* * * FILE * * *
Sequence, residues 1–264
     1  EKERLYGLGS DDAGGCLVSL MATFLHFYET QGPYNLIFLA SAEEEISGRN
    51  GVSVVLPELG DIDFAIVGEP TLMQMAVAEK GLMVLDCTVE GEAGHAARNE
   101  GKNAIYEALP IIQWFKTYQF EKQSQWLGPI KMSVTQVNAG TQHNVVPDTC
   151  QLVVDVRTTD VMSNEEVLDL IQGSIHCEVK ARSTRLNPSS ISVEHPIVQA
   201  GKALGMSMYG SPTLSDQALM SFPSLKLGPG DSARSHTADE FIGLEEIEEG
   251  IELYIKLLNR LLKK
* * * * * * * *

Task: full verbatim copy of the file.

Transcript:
Sequence, residues 1–264
     1  EKERLYGLGS DDAGGCLVSL MATFLHFYET QGPYNLIFLA SAEEEISGRN
    51  GVSVVLPELG DIDFAIVGEP TLMQMAVAEK GLMVLDCTVE GEAGHAARNE
   101  GKNAIYEALP IIQWFKTYQF EKQSQWLGPI KMSVTQVNAG TQHNVVPDTC
   151  QLVVDVRTTD VMSNEEVLDL IQGSIHCEVK ARSTRLNPSS ISVEHPIVQA
   201  GKALGMSMYG SPTLSDQALM SFPSLKLGPG DSARSHTADE FIGLEEIEEG
   251  IELYIKLLNR LLKK